Seeking Greener Energy Sources

Simulation of a possible unit cell of monodentate urea adsorption on Ni(1 0 0)

Simulations created by Gerardine Botte’s research group at Ohio University display a side (left) and top (right) view of a possible unit cell of monodentate urea adsorption on Ni(1 0 0). The red oxygen atom is in the top position (T), one blue nitrogen atom is in the hollow position (H) and the other blue nitrogen atom is close to the bridge position (B).

Coal is currently the largest source of electricity generation in the United States, while gasoline and diesel fuel power most vehicles. However, coal, gasoline and diesel fuel are non-renewable resources, and the combustion of these fossil fuels produces various pollutants. As a result, alternative, non-polluting energy sources such as hydrogen are desirable. Unfortunately, most hydrogen production processes also rely upon fossil fuels. Therefore, there is a clear need for renewable energy sources that can power hydrogen production, but at the same time mitigate pollution. 

“Although electrolysis of water has been considered, a new technology to produce hydrogen by the electrochemical oxidation of urea from animals and humans is plausible and provides an opportunity to remediate waste,” said Gerardine Botte, Ph.D., Russ Professor of chemical and biomolecular engineering in the Russ College of Engineering and Technology at Ohio University. “Using nickel oxyhydroxide as the catalyst, hydrogen and nitrogen can be produced in a basic medium, and the process should consume 70 percent less energy than water electrolysis.”

In the presence of hydroxide ions, urea is electrochemically converted to nitrogen and hydrogen using nickel-based electrodes. However, the mechanism of this reaction has not been fully understood as the conversion of urea typically decreases over time. Botte’s research team has been investigating the interaction of urea and hydroxide ions with nickel as an initial study in understanding the conversion of urea.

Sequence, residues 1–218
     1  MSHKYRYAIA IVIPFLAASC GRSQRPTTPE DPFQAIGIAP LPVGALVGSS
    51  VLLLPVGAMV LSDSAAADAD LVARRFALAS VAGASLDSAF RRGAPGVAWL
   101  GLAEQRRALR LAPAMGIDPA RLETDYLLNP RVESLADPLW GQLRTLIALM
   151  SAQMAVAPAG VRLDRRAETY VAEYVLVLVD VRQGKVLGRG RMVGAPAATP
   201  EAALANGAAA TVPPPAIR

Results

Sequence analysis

Botte’s team is using atomic-level modeling to obtain a better picture of the surface chemistry during urea oxidation. The modeling is based on Density Functional Theory (DFT) as applied in CRYSTAL, a localized atomic basis set code, and comparisons are being made to in-situ measurements using X-ray Diffraction, Raman and Infrared spectroscopy methods at Ohio University’s Center for Electrochemical Engineering Research (CEER). Due to the large amount of parallel CPU time required for the calculations, Botte identified the need for supercomputing capabilities made available by the Ohio Supercomputer Center.

“We are performing geometry optimization and frequency calculations at varying adsorption geometries and coverage of urea and hydroxide on nickel using Crystal09,” explained Damilola Daramola, Ph.D., a multiscale-modeling scientist at CEER. “These results are providing information on the electronic, geometric and vibrational properties of the adsorbates and substrate and could help in furthering the knowledge of this urea-to-hydrogen technology.”

Project Lead: Gerardine Botte, Ohio University

Research Title: Computational studies of urea and hydroxide adsorption on nickel surfaces

Funding Source: Army Construction Engineering Research Laboratory